Sporter Review – All You Need to Know

Sporter Review -All You Need to Know

There are two distinct types of semi automatic shotguns on the market today. The more common sort have a traditional tube magazine, and outside of a few specialized models, are almost exclusively used for sport shooting and hunting.

We also have removable magazine semi auto shotguns, many of which are based off the AK-47 style action, or designed to resemble combat rifles.  As with any firearm there is overlap between tactical and sporting use, and some shotguns blur the boundary, making actual use the final deciding factor as to their purpose.

When preparing this article I struggled on what shotguns to look at and consider and settled on looking at more traditional sporting arms.  Dedicated tactical semi auto shotguns are often expensive, and depending on what sort you settle on, may also be restricted in some US states or jurisdictions.

Now companies like Benelli make some very exciting semi auto shotguns that have a distinct combat heritage about them, but their higher price and sometimes high demand for them limits their utility for the purpose of this article.

The lovely sporting shotguns coming from China and Russia that are based on the rugged Kalashnikov action are also sadly out, as these are all too readily banned in misguided states that freak out over anything with a removable magazine, so not all of our readers can enjoy those fantastic shotguns.  This leaves us looking strictly at dedicated fixed magazine sporting shotguns.

Since the first autoloading shotguns appeared on the market, they have often been built as high grade sporting guns, and due to mechanical complexity, their cost will exceed a similar pump action shotgun. However, thanks to modern manufacturing methods, it is now possible to get a semi auto shotgun of a quality that might normally approach four figures for about $500, and this exciting gun is the topic of our article today.

The Stevens S1200 is a rare treat of a fine semi auto shotgun at a blue collar price.  Normally an  inertia driven shotgun is an expensive affair, and strictly in the purview of those who like to spend a grand or more on shotguns, but with an MSRP of $571, the S1200 is within the reach of most any sport shooter.

Available with polymer or walnut stocks, 26” or 28” barrels, and designed to use commonly available Beretta choke tubes, there is precious little not to like about this fine shotgun.

Inertia driven shotguns differ from gas operated in that it is a sort of recoil driven function, as opposed to cycling the action with tapped gas.

The practical upside to all this is that an inertia driven gun like the S1200 has fewer moving parts, and is a bit heavier than most gas guns; making it a bit more manageable with strong loads.

This is Savage’s first semi auto shotgun, and they pulled out all the stops to make this fit the quality and price points Savage is well known for.

Designed strictly with sporting purposes in mind, the S1200 has a 3” chamber, 5 shot tube magazine (which can be plugged to reduce capacity when required by law), and a money saving matte black finish on the metal.  Overall, this is an ideal semi auto shotgun for sport, hunting and budget.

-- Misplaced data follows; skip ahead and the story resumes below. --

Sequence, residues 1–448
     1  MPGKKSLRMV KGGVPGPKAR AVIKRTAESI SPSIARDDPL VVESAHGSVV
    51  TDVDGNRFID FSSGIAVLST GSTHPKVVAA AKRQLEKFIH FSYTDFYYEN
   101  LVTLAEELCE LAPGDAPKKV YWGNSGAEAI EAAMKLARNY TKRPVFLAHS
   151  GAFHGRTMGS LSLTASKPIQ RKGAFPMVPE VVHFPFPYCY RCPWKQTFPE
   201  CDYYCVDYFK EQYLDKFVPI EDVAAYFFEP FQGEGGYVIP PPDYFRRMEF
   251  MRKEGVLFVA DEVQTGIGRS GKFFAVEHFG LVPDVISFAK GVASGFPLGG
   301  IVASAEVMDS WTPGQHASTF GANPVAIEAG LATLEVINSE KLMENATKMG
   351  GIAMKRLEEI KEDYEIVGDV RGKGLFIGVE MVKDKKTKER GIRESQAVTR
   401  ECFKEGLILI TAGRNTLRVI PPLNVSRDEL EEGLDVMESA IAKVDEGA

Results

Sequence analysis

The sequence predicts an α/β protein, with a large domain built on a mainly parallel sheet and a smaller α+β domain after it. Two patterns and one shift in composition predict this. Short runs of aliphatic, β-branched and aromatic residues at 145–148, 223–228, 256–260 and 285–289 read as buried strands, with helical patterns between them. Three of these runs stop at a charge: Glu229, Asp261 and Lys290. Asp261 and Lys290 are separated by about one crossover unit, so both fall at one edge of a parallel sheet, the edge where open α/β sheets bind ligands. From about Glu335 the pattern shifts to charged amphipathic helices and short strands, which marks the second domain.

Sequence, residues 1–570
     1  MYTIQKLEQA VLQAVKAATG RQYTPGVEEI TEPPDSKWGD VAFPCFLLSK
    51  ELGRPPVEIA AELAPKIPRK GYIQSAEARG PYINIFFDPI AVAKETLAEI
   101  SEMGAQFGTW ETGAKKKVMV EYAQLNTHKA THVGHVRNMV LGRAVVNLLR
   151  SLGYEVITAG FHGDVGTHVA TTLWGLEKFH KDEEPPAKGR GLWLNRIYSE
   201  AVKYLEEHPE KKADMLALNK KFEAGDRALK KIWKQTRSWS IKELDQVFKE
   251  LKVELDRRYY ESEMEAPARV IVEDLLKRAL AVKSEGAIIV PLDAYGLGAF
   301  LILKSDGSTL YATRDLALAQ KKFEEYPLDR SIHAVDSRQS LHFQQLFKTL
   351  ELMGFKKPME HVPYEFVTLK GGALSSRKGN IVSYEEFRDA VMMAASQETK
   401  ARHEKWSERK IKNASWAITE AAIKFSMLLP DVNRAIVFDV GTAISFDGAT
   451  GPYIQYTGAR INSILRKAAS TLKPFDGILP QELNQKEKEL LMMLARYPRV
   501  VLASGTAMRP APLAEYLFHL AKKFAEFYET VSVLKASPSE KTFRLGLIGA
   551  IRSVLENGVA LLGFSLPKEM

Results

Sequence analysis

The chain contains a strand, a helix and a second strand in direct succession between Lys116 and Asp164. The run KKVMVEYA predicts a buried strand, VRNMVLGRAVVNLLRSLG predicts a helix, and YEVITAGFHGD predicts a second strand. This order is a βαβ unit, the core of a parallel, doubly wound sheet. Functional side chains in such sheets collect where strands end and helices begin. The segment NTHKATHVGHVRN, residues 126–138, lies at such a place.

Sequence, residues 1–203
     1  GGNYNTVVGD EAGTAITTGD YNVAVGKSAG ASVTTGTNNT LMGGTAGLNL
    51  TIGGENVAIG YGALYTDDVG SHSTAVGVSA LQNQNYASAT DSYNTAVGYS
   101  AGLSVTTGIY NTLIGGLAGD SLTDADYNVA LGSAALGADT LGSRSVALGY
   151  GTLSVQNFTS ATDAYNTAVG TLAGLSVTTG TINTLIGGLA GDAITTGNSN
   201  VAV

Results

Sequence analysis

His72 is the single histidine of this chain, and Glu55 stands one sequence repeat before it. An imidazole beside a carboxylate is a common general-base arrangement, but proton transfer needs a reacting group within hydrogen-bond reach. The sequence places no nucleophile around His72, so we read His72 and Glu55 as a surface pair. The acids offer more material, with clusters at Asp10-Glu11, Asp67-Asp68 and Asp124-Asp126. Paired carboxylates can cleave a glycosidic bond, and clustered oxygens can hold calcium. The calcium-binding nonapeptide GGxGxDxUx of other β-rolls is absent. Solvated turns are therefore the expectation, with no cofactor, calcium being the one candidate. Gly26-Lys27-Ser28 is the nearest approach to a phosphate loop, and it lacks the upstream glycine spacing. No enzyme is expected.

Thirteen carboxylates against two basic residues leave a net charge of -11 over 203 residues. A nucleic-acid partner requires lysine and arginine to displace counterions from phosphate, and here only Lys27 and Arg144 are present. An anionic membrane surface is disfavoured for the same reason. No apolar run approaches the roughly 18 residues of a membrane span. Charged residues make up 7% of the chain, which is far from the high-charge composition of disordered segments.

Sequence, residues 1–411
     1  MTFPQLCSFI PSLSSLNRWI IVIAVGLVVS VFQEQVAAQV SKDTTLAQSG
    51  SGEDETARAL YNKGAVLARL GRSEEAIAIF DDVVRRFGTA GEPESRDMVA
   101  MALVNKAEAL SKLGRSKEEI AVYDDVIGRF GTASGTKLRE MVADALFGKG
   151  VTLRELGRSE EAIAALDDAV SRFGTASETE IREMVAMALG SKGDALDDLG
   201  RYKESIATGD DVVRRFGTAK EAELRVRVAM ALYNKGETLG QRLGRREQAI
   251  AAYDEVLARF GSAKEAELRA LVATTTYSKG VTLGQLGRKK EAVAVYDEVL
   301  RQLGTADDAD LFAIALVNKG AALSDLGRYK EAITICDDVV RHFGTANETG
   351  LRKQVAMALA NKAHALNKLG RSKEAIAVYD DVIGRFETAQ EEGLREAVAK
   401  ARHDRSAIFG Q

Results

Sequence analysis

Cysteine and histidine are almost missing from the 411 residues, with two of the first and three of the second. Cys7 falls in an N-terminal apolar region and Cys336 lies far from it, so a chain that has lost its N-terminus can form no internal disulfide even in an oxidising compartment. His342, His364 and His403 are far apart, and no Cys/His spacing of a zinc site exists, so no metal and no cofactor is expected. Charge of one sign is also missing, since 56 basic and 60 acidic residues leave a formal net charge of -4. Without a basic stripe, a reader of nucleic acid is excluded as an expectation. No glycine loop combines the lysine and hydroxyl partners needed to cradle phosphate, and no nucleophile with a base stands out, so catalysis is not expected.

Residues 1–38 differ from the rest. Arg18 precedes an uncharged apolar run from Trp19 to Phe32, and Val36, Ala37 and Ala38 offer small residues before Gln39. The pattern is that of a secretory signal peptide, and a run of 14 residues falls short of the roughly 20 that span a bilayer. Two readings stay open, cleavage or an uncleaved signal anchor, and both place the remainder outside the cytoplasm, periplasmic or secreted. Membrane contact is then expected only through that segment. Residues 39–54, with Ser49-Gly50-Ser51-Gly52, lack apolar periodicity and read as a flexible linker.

Having settled on this fine specimen of a shotgun, the next question is how to best accessorize it?  The first thing I do with a new gun is to get snap caps  which allow you to safely dry fire and test cycle the action without damaging any parts.  I find a good set of snap caps to be critical in learning the function of any new gun, as well as acclimating myself to the trigger, or simply aiding in “breaking in” a new gun. 

I hate cleaning a shotgun with a traditional cleaning rod and brush, and find a quality bore snake does the job much better.  This particular bore snake is well suited for shotguns and makes cleaning a breeze.  Personally though, my favorite shotgun accessory is a bandoleer sling.

While not suitable for clay shooting where fast handling is a must, it has it’s place in other settings, and is a great way to carry extra ammo in an easy to reach fashion.

To me, the Savage S1200 is about an ideal semi auto shotgun in every way imaginable. When buying guns, it is easy to look for an all in one sort of gun that is as good for home defense use as it is for sport shooting and then to hunting.

Or we want a fancy looking gun that winds up never leaving the gun case because it is too nice. Or perhaps we want a purely tactical gun, but also to use it for shooting clays.  The reality is there is no one perfect, universal shotgun that does all things well. Everything is a compromise, although with shotguns, sometimes the lines really blur.

Savage managed to bring us an everyday, knockabout, working man’s semi auto shotgun that is suitable for pretty much anything short of tactical purposes (and I suppose you could rebuild it for combat if you were so inclined, but there are better choices).  From it’s easy handling design, to it’s sensible operating controls, traditional styling, bundled set of five chokes and multiple stock, barrel and finish options, the S1200 should be the new standard by which inertia operated shotguns are judged by.

I feel every gun owner who does not already have a semi auto shotgun should get an S1200 for their collection. The price is nigh unbeatable, and Savage has a long reputation for quality and customer service.

Right now, there is perhaps no better semi auto shotgun on the market for the money, and to do better than this, you’ll have to start shelling out some serious coin that could be better spent on ammo and funding your next hunting trip.  Do yourself a favor and take a long, hard look at the S1200,